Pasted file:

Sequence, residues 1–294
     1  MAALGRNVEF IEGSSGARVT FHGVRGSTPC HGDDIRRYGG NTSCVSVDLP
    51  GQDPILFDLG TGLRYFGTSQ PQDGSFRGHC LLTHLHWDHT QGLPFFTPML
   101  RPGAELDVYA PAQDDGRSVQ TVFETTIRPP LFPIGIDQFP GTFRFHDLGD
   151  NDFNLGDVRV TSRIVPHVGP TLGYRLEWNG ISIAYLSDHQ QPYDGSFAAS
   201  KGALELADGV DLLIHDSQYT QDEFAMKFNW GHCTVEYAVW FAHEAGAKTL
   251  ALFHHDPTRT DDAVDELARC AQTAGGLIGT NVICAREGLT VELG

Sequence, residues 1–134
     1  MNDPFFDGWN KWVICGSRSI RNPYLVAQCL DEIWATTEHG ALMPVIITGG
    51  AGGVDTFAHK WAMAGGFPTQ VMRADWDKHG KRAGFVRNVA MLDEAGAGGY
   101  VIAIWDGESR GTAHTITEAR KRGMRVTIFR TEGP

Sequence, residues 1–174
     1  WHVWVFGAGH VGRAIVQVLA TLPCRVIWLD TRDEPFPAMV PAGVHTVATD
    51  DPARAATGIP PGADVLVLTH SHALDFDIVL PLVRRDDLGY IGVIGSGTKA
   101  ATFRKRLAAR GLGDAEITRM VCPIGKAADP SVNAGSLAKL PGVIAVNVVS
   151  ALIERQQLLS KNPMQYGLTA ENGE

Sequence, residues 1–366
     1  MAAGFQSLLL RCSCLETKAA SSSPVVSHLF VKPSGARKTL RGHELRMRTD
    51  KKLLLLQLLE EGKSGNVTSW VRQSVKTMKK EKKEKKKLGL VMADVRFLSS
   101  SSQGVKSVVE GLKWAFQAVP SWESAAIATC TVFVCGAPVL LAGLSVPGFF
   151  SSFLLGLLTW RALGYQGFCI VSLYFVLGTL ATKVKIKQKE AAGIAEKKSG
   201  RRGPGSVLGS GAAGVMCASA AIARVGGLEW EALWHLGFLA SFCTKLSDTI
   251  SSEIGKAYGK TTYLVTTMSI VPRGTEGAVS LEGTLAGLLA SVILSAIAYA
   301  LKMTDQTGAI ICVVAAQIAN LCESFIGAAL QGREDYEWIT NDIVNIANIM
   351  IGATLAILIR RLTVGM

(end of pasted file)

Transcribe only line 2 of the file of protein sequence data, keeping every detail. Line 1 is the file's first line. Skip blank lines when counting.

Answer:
     1  MAALGRNVEF IEGSSGARVT FHGVRGSTPC HGDDIRRYGG NTSCVSVDLP